Politeness

The Japanese tend to be very polite - service is their highest order. When you enter a store you will be bombarded with welcomes (Irasshaimase!); when you buy something in a shop there’s a flurry of pleases and thank you’s.

The Japanese will go out of their way to answer any question you have - for example, if you ask for directions and the person you ask doesn’t know they will ask their colleagues and really try to help you. If you stand on a street corner in busy Tokyo looking lost, fumbling with a map, a Tokyoite will come up to you and help you - probably using their cell phone to look up where you need to be.

A well placed “Sumimasen” (すみません - Excuse me) opens a lot of doors. Most Japanese are afraid to speak English in public so starting a conversation with a Japanese word helps. If you ask them if they know any English this will mostly say no (いいえ - Iie) or “a little” (ちょっと - Chotto). My advice would be just not to ask if they speak English but try to converse through the little Japanese you know, some simple English words and possibly through a smartphone app.

At the very least you should know how to say sumimasen (excuse me), konichiwa (hi), onegaishimasu (please when giving something) and arigato (thank you).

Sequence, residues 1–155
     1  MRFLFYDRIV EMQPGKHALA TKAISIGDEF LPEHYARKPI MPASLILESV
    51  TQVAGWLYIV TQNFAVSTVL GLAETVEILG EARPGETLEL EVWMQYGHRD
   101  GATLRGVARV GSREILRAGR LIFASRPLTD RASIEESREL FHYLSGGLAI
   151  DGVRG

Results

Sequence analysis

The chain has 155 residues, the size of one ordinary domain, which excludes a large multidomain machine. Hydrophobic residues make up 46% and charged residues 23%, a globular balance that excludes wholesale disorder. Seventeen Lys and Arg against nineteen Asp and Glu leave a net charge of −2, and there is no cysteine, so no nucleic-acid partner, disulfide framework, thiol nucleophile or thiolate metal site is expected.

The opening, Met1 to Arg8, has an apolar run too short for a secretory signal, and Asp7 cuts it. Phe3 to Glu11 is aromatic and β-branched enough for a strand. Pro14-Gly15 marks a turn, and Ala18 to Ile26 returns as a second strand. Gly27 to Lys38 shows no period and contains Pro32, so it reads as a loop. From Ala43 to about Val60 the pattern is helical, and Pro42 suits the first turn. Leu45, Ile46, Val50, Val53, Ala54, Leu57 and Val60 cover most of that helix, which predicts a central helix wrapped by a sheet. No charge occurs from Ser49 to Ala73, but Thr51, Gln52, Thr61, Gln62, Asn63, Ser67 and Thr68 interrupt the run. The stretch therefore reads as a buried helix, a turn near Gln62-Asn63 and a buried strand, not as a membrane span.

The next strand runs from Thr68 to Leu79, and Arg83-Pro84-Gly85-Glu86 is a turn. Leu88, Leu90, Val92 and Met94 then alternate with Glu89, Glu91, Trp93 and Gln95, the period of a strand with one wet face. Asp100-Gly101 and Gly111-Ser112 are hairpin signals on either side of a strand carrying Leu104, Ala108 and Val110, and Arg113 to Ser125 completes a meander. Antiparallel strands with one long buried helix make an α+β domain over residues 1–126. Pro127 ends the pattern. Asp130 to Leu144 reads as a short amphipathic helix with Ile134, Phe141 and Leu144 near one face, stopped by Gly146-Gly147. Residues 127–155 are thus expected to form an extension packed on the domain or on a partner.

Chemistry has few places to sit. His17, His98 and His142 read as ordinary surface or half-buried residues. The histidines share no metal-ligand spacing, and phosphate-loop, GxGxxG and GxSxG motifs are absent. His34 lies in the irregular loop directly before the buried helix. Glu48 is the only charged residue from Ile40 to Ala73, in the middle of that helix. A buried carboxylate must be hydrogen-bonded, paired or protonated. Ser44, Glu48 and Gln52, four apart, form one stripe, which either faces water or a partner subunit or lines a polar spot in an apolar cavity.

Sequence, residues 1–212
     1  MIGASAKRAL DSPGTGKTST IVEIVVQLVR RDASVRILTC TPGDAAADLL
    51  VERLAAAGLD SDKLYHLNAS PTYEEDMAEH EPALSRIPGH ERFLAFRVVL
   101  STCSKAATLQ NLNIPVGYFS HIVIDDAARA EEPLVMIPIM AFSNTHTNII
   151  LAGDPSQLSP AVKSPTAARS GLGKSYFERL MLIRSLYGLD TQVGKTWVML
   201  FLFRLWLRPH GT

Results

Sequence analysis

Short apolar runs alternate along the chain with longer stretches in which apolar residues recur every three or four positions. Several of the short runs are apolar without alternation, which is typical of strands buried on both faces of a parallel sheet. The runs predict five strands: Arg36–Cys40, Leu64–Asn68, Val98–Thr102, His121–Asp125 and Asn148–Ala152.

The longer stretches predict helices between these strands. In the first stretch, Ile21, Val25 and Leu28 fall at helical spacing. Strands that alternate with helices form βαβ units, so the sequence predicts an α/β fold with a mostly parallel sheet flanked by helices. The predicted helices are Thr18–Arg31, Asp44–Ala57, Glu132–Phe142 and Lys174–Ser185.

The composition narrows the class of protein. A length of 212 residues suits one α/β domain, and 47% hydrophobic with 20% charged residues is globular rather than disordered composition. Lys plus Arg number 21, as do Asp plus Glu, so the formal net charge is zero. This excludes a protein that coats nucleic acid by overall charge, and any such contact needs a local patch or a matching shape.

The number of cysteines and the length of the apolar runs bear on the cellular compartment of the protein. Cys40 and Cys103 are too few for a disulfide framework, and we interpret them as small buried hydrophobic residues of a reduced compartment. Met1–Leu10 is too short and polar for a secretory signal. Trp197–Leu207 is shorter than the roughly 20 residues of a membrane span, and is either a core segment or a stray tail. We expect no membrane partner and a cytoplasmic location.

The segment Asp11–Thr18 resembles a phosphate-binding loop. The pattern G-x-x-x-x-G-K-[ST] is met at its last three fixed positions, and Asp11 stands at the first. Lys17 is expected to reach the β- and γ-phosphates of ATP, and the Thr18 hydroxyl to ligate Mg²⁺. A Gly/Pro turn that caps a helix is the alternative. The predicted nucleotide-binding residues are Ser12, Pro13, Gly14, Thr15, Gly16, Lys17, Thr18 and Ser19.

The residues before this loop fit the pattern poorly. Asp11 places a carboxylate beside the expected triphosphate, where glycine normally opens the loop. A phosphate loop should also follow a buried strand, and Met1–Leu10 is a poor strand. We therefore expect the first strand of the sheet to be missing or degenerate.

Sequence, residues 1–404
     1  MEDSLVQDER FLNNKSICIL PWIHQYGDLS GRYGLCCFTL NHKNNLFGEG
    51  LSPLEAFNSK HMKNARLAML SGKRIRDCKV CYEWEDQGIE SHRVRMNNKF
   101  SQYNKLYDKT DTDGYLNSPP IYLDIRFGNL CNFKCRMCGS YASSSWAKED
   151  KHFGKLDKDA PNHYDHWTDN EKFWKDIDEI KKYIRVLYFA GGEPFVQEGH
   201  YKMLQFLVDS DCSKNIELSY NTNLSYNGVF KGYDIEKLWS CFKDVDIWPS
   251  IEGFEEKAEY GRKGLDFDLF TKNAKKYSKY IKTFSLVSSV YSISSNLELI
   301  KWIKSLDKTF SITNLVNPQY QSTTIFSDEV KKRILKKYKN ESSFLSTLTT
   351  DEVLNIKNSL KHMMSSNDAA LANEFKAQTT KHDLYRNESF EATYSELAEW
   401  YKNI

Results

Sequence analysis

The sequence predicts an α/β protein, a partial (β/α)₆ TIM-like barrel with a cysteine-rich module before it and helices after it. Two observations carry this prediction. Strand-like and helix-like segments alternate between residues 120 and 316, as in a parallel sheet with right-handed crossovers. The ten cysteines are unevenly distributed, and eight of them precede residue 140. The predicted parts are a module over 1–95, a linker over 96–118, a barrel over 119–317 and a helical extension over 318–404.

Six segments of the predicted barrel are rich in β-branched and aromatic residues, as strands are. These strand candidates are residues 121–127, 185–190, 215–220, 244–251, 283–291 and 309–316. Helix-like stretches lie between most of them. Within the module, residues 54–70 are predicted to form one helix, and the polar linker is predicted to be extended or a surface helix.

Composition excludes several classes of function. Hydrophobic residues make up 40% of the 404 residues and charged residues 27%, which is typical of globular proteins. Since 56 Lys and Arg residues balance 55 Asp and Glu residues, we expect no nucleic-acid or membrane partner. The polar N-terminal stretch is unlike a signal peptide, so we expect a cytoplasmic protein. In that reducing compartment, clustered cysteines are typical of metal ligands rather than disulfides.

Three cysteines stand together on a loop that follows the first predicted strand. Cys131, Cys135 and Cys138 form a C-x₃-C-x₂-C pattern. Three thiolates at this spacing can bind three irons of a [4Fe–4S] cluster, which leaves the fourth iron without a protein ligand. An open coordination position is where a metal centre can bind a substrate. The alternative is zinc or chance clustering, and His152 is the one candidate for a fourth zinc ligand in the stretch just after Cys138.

Example interactions

A typical interaction at a convenience store would be:

  1. Douzo - hand the items to the cashier
  2. The cashier will tell you how much you have to pay.
  3. Onegaishimasu - hand over the money to the cashier
  4. Arigato gozaimasu - thank them

If you’re in a restaurant you’ll want to get the bill, so it will go a little bit like this:

  1. Sumimasen - get the waiter to notice you
  2. Okaikei onegaishimasu - “bill please”
  3. The waiter will tell you how much you have to pay and hand you the bill.
  4. Douzo - hand over the money
  5. Arigato gozaimasu - thank them (the gozaimashu part makes it more polite)